As the provincial premiers left their lunch meeting with Prime Minister Brian Mulroney in Ottawa last week, Donald Getty of Alberta and Joseph Ghiz of Prince Edward Island found themselves walking together down the front steps of the government guesthouse where they had convened. Getty, an ardent advocate of free trade with the United States, put his arm around Ghiz, an ardent opponent, and the two then stood arm-in-arm to answer reporters’ questions. Despite a split on the trade issue, the meeting—the last one that the premiers will have with Mulroney before he and President Ronald Reagan sign the deal on Jan. 2— was cordial. And even though Ghiz, Ontario’s David Peterson and Manitoba’s Howard Pawley remained opposed, their opposition was softened by the knowledge that they were powerless to prevent Mulroney from proceeding. As Ghiz acknowledged, the agreement was “a fait accompli.” He added: “My opinion is that this is a bad deal for Canada. But the deal will be initialled on Jan. 2.”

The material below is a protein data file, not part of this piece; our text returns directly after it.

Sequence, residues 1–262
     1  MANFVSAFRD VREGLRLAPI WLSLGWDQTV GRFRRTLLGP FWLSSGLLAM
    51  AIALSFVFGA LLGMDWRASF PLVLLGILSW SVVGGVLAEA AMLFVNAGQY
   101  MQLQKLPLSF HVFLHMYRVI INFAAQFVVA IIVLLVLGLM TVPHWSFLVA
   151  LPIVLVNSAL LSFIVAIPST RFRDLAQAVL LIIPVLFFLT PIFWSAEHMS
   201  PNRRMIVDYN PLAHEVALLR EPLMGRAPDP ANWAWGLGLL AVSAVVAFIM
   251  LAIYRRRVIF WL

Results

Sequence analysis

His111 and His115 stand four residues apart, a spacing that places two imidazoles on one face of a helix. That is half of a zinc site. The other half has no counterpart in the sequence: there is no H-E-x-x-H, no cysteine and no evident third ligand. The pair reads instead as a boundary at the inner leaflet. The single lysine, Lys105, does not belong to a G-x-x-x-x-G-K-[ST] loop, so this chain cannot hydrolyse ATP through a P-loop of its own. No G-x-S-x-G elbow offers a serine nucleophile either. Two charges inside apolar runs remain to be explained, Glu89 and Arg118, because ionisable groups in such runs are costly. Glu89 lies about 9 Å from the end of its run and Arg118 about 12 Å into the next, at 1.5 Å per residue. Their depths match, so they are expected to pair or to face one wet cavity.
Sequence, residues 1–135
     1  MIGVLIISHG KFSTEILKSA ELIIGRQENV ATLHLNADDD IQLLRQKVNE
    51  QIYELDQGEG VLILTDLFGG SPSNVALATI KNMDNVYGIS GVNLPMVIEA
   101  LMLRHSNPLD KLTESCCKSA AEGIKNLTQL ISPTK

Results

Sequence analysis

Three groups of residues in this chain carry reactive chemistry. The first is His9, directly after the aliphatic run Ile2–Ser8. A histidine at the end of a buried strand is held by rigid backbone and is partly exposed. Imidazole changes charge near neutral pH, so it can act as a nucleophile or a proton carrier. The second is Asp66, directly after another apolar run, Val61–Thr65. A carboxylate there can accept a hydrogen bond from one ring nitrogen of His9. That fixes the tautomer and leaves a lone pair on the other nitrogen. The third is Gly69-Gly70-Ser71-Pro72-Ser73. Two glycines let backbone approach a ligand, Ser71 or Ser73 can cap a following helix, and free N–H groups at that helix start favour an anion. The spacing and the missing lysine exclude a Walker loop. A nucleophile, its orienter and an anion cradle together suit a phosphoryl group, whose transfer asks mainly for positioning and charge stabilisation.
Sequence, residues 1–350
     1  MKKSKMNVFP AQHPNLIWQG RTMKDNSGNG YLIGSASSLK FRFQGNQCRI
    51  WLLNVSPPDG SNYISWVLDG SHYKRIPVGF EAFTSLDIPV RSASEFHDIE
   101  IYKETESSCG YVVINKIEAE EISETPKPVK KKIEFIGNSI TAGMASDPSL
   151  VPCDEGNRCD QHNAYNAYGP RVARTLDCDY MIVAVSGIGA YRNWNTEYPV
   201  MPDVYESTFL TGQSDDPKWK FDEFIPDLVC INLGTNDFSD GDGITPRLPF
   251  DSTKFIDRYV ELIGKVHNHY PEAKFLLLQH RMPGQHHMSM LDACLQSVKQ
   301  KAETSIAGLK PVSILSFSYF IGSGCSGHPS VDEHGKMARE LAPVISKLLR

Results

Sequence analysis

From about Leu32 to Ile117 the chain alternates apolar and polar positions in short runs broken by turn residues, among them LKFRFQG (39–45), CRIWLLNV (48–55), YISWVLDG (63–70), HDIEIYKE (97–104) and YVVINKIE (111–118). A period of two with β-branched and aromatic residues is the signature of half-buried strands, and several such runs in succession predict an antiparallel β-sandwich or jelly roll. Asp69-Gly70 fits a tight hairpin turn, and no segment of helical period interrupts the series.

Mulroney made that point firmly to the premiers as they dined on smoked arctic char and filet mignon in the elegant dining room of the stone mansion across the street from the Prime Minister’s residence at 24 Sussex Drive. And as they sipped wines from Ontario and British Columbia, Mulroney emphasized in private what he had already stated publicly—that the federal government has the constitutional right to sign agreements with other countries, adding that it does not need provincial approval to do so. Indeed, earlier in the week Mulroney challenged any dissenting province that wished to go to court over the deal to “go right ahead.”
The Prime Minister’s position was strengthened the day before he met the premiers by a public declaration of support for the free trade pact from New Brunswick’s Liberal Premier Frank McKenna. Since his